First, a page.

Looking to capitalize on the booming reverse mortgage market in Australia, Commonwealth Bank of Australia was hired by a non-bank to manage the sale of bonds backed by reverse mortgages. According to the Bloomberg article, the bonds will be sold in Australian and New Zealand dollars within six months, said Matthew Lever, senior manager of securitization and capital solutions at Commonwealth Bank. Lever didn’t name the lender as the information isn’t yet public. This will be the third sale of reverse mortgage securities in Australia.
The sale could kick-start Australian lenders to securitize reverse-mortgages, which grew 80 percent in volume last year to A$1.5 billion, according to Towbridge Delloitte. Like in the US, the market for such mortgages is expected to grow as the population ages. “There is a generational need for this product,” Lever said in a phone interview from Sydney. Many ageing Australians have “very little” in retirement savings, so they can use reverse mortgages to raise cash from the homes that they own.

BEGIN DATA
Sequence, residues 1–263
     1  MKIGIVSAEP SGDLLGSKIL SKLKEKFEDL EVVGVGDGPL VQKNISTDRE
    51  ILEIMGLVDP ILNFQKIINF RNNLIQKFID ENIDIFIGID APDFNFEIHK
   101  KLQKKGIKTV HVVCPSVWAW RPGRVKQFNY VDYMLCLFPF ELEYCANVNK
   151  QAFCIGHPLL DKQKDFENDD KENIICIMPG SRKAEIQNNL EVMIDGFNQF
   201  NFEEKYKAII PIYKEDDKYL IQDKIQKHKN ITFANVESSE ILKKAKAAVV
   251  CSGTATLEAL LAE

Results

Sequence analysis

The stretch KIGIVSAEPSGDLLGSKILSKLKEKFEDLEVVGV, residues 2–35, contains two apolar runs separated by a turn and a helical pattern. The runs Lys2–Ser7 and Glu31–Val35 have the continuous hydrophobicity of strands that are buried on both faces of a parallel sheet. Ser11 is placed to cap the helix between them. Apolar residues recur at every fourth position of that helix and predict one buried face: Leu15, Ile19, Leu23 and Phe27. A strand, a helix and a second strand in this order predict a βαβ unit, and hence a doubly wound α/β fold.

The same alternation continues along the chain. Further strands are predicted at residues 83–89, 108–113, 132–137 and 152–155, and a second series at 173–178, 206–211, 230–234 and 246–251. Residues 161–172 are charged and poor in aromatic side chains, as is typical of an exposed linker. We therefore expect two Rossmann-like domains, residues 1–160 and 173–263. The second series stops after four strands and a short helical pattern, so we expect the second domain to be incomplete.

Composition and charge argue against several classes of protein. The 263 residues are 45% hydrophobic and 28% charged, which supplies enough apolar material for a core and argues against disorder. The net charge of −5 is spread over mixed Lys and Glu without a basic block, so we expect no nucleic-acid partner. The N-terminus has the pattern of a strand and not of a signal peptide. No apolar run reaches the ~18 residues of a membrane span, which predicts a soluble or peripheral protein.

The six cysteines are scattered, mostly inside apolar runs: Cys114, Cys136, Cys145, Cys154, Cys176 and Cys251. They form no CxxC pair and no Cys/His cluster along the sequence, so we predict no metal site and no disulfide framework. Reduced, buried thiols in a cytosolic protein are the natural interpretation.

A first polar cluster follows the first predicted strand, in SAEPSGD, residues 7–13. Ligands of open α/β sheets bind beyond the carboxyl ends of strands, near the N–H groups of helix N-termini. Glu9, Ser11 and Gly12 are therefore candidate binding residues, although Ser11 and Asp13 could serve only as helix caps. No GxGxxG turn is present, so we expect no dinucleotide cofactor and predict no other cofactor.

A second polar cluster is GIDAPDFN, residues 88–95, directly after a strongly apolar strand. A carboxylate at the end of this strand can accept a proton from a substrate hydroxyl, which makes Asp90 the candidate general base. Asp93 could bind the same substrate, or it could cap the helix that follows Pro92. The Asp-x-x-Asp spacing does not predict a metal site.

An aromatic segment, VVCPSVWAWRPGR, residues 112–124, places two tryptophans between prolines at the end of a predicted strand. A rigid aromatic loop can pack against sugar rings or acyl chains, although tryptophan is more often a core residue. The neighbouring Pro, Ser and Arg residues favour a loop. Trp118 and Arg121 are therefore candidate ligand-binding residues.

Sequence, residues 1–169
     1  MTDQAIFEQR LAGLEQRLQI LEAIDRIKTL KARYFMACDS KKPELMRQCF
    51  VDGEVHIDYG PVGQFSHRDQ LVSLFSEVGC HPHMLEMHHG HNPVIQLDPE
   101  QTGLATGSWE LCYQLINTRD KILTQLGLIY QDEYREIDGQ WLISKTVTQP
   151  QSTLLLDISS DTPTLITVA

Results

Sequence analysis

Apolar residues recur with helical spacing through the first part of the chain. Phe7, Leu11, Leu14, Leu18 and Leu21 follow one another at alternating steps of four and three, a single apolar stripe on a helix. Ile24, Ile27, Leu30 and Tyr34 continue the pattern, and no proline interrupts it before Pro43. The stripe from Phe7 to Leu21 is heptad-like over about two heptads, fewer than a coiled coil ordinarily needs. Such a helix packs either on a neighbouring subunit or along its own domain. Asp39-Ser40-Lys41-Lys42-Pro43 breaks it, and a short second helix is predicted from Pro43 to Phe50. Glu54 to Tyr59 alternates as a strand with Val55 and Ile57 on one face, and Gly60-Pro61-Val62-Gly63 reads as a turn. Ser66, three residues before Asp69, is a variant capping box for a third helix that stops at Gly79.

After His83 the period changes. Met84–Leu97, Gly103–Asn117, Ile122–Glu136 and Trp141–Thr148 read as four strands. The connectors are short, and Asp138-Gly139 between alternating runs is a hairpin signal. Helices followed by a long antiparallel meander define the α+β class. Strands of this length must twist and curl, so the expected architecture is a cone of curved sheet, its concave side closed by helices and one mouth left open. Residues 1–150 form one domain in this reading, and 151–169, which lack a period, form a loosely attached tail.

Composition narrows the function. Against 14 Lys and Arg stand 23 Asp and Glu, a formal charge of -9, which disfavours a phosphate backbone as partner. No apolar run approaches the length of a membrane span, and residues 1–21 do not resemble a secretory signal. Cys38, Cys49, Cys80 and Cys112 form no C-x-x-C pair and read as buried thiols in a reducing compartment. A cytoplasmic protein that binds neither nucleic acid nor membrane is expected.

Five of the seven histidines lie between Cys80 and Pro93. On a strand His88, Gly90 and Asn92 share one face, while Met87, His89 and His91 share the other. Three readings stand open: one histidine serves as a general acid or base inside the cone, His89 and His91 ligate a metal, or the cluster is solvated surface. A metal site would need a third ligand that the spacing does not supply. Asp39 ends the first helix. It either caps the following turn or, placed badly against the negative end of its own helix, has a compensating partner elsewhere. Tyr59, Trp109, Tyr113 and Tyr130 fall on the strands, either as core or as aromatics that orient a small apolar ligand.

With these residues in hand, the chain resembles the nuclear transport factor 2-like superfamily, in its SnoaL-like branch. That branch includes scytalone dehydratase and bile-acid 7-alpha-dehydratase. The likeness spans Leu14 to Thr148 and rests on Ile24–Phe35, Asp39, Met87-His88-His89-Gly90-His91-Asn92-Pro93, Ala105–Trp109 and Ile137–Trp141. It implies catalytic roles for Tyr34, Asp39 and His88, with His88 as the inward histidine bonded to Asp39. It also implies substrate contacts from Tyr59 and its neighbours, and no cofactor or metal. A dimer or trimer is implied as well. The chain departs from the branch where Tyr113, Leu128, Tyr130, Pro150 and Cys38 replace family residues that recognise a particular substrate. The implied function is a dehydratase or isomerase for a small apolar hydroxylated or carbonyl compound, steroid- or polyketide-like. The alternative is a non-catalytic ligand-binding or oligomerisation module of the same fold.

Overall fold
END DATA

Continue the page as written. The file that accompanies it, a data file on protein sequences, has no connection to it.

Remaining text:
The securities differ from other mortgage-backed bonds because there is no risk borrowers won’t meet repayments and cause the bond to default. “It’s all about mortality risk,” said Lever. Investors have to weigh up if the value of the loan is likely to exceed the value of the house before the owner dies or moves out, he said. Reverse mortgages are securitized to provide the lender with a constant source of funding while waiting for repayment when the borrower dies or moves out.
The first reverse-mortgage bonds were sold in Australia by Bluestone Group Ltd. in June 2006. The company received orders for double the amount of bonds offered in its second sale on June 26 this year, Chief Executive Officer Alistair Jeffrey said at a credit conference July 26. That second sale included A$124 million of bonds yielding 33 basis points more than the benchmark swap rate. “Investors found the asset class interesting in terms of diversification,” Jeffrey said on a panel at the conference.
Commonwealth’s Lever said reverse-mortgage bonds are a “diversity play away from credit risk for a more passive property exposure; there is space in the market for that kind of bond.” To read a copy of the full article, click the link below.